Hands: RRRR LLLL RRRR LLLL for 2 min......RRRRRRRR LLLLLLLL RRRRRRRR LLLLLLLL for 2 min............RRRRRRRRRRRR LLLLLLLLLLLL RRRRRRRRRRRR LLLLLLLLLLLL for 2 min............RRRRRRRRRRRRRRRR LLLLLLLLLLLLLLLL RRRRRRRRRRRRRRRR LLLLLLLLLLLLLLLL get the idea? Play this with your hands, then feet, then HANDS AND FEET and finally 16ths on hands and feet

been doing these for a while now and let me tell you they work incredibly for speed and endurance

Hope this helps dude, good luck
 

Piddywiffle

New member
To work my chops I:

triplets- RLR then LRL then RLR then LRL... get that gallop sound goin

THEN! with your hand and feet (hand) LLLL (foot) LLLL (foot) RRRR (hand) RRRR - repeat. work it in a circular feel.

For fast dbl kicks I just run 16th as fast as I can for as long as I can. Take a break with some slower beats, then kick it back up and run 16th again.


I also work paradiddles w/ my feet the RLRRLRLL. I do this A LOT.

I take my right foot off the kick and work my left foot instead.


I dunno, be creative and just plow thru it.

Best to you,
8)
 

Gaddabout

New member
There's building up speed and there's building up endurance, and they're almost two separate pursuits. You build up speed by practicing fast -- although I would suggest pursuing clarity first. You build up endurance by practicing slower, longer, and work your way up to the speeds your wanting play at. If you can play in time at 100 bpm for 10 minutes, amp it up 5 bpm and try it there.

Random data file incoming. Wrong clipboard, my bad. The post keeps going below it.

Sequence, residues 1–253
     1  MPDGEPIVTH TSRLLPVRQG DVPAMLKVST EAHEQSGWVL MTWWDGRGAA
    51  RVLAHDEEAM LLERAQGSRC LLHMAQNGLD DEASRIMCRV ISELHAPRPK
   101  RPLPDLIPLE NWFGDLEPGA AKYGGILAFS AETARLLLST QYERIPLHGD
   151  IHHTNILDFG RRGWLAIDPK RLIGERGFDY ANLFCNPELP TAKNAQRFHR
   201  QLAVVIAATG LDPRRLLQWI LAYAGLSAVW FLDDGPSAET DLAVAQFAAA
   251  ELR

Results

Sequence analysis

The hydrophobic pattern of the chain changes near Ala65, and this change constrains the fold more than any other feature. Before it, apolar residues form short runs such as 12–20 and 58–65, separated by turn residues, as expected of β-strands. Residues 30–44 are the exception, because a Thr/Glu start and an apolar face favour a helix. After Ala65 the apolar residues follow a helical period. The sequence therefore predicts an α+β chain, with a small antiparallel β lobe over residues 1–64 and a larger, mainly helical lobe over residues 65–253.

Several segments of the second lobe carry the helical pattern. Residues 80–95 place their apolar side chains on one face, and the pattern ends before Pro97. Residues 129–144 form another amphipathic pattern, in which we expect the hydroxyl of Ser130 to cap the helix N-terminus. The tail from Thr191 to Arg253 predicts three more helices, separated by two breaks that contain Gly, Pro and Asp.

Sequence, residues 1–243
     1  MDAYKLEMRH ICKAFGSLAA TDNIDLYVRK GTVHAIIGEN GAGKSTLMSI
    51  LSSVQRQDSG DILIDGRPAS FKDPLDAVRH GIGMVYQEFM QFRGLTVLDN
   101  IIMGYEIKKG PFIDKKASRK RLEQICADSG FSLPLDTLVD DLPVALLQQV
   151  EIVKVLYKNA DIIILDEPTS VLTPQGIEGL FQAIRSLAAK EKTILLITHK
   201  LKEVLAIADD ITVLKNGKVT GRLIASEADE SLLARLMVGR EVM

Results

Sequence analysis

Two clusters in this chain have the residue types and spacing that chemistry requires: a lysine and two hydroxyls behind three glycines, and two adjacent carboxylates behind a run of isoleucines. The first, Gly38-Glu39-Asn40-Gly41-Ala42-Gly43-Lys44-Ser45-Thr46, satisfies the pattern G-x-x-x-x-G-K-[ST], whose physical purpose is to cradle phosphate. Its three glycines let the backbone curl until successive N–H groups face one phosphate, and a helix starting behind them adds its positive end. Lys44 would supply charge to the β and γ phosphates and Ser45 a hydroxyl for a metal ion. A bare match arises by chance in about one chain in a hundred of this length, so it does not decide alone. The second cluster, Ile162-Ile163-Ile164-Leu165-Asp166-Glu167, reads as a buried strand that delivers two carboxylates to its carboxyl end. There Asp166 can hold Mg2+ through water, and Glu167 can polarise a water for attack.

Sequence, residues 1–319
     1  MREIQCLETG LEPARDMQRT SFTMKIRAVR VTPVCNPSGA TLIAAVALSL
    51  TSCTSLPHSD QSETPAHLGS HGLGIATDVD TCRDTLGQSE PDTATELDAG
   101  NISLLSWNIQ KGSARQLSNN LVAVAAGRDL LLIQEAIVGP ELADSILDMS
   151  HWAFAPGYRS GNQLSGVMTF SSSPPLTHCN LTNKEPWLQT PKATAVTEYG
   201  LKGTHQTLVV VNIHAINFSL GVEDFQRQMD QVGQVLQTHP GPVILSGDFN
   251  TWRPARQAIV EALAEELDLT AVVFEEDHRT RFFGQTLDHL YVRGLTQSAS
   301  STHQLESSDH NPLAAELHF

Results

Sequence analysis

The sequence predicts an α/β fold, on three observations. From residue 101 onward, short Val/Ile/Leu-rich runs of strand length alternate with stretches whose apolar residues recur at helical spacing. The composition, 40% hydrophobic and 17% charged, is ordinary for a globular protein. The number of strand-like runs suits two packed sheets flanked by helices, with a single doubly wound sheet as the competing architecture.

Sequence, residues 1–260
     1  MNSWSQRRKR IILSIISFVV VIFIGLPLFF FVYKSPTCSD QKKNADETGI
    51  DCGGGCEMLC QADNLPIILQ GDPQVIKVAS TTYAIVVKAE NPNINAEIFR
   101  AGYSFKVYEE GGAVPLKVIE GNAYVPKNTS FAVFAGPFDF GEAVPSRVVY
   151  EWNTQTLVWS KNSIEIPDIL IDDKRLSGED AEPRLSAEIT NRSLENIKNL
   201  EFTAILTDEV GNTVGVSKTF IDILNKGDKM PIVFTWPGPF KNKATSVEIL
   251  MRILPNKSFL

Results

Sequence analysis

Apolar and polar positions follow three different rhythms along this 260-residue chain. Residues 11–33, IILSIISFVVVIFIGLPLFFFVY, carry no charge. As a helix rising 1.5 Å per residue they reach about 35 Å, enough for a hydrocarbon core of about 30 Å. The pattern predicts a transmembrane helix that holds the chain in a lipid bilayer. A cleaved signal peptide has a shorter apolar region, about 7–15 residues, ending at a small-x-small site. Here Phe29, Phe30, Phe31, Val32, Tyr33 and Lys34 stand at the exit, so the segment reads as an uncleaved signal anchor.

xdoseonex

New member
i'd get new pedals, but i can fly on iron cobra jr's so thats not your real problem.

heres what your gonna do

Practice for 2 mintuers straight on the fastest speed you can make throught it. if you cant get through the 2 minutes stop. slow down the metronome and start over. when you make itr throught the full 2 minutes put the metronome up. make sure you make it solid throught the 2 minutes before putting the metrnome to a higher speed. do this a bit every day and i GUARENTEE you will be signifcantly faster in a month
 

Homki890

New member
JSdrmr":3lnovt09 said:
try using the Stick Control book by Ted Reed but with the feet!
I was going to post this, but then I saw it, and was like, "Damn."

If you're worried about being smooth, try this. Play everything you would with your right foot, but with your left foot. Like, lets say you're doing 8th notes on ride, and back beats on two and four. Simple beat. Just work your left foot like you would your right foot. Play one and three with your left. Start working on syncopated beats with both feet. Switch up the footing on a catchy fill. The main point is to work your feet to the point that they are independent of each other. Most double bass problems come from the fact that the weak foot is just that, and is try ing to play catch-up with the strong foot, and you end up playing some pounding double-stops. Work the feet until you get both as an independent section.

Don't rule out the 5 bpm per session workout. That will do wonders for your endurance. However, endurance is nothing when you can't control it properly. Use both the independence and endurance workouts, and your double bass should start to see improvement in about a week, and within months, you will be drastically better. You have to make sure that you keep at it.

Homki890